Enter what I currently consider THE most interesting (not necessarily in a positive sense) rap song of all time, Eminem’s “Drop The Bomb On ‘Em”, produced by Dr. Dre, from the album “Relapse”, released in 2009. This was Eminem’s first album in 5 years, since his 2004 “Encore”, a hiatus due to his writer’s block and an addiction to prescription sleeping medication. This song is located at an exceptional instance of an artist who is in the unique stance of knowing that his place in the pantheon of all-time-rap greats has already been secured, and he is still in his prime writing years (He was about 36 at the time). He is making a comeback – people haven’t heard from him in 5 years. How is he supposed to follow up “Encore”? “The Marshall Mathers LP”? “The Slim Shady LP”? “The Eminem Show”? The man has won Grammys, popular and critical acclaim, worked with the greatest producers of all time, and yet he still has to prove himself because of his hiatus. He hasn’t forgotten how to rap – in stark contrast to other legends in similar but certainly not the same circumstance, like Jay-Z or Lil Wayne, he hasn’t fallen off. But he’s just had about 50% of his lyrical material considered “off-limits” to him: he is now trying to go clean, so that means no rapping about weed, shrooms, vicodin, oxycodin, all of that stuff (Just check out his song “Drug Ballad” – but maybe the title lets you know all you need to know.) So he can still rap – but what the hell is he supposed to write about? This is the central tension, certainly palpable and almost tangible, in this song.
            The answer is, figuratively, “nothing.” Eminem manages to rap over 55 bars without actually saying anything. What’s more is, this goes beyond the normal amount of nonsense that the listener naturally allows when listening to rap, simply because, as I believe, it’s predominantly a musical phenomenon, not a textual (or even poetic, in the general sense) phenomenon. Let’s take a popular example today:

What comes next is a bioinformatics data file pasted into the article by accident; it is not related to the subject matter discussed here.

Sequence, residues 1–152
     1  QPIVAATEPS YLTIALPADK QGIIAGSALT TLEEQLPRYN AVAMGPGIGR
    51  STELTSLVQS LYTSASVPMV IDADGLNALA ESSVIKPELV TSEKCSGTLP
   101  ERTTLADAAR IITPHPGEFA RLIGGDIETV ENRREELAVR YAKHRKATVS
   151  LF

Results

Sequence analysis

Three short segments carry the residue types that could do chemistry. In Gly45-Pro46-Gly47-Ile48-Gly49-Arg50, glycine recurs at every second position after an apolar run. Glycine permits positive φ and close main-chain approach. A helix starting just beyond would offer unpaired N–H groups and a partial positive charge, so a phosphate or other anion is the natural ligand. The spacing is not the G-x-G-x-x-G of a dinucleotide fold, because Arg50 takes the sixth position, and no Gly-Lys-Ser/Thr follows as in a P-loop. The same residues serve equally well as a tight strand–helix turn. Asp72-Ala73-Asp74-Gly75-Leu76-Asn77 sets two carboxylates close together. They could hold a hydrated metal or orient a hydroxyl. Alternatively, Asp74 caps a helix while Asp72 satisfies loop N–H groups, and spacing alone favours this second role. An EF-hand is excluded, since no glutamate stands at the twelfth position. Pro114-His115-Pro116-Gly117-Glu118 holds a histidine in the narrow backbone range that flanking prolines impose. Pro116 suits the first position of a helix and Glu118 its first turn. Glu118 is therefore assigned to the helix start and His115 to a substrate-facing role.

In Bobby Ray’s “Ray Bans”, he raps “My whole team getting green, and I ain’t talking about pottery.” Now, not all pottery is green. I think when he says pottery he really is referring to plants, most of which are green. Still, the connection is thin. But Eminem goes beyond this point.
Nothing he says in this song really has any real connection to anything outside of his world. Let’s just say you don’t come away from the song pondering in what sense, exactly, Eminem is “like Chef Boyardee in this bitch.” Or what metaphoric meaning he is reaching for when he describes himself as “Captain America on ferris wheels.” And don’t overthink it. Okay, yes, rap is a genre built on reference and allusion – but these tools lose their power when no one at all gets them, even if they are references at all (which they aren’t, here.) This kind of shit is all over the song. What the fuck is “bumbaclot?” When Eminem tells me that I think I’m Tom Sawyer, does he really think I’m a 19th century juvenile dilenquent living along the Mississippi? When he tells me I should “Get some R&R and marinate in some marinara,” what really should I do? And these are simply the most egregious of the violations of not just commonsense, but sense.
            The saddest part of this, though, is when Eminem reaches for lifesavers in the form of themes and ideas he used to rap about all the time. For instance, even if you haven’t heard Eminem’s music, you know that his relationship with his mom has been less than perfect. His earlier references to this subject come across as tortured and agonized when examined, such as his raps “99% of my life I was lied to / I just found out my mom does more dope than I do” in “My Name Is”, or ‘When I was just a little baby boy, my momma used to tell me these crazy things / She used to tell me my daddy was an evil man, She used to tell me he hated me” on “Kill You”. However, his references to the same subject on this song are delivered without any gravitas, simply as words to fill the bar: “I’m like Chef Boyardee in this bitch / Send a bomb to my mom’s lawyer / I’m a problem for ya boy…” Notice how the reference to his mom is completely isolated in theme or even sense from what comes before or after.It’s just filler.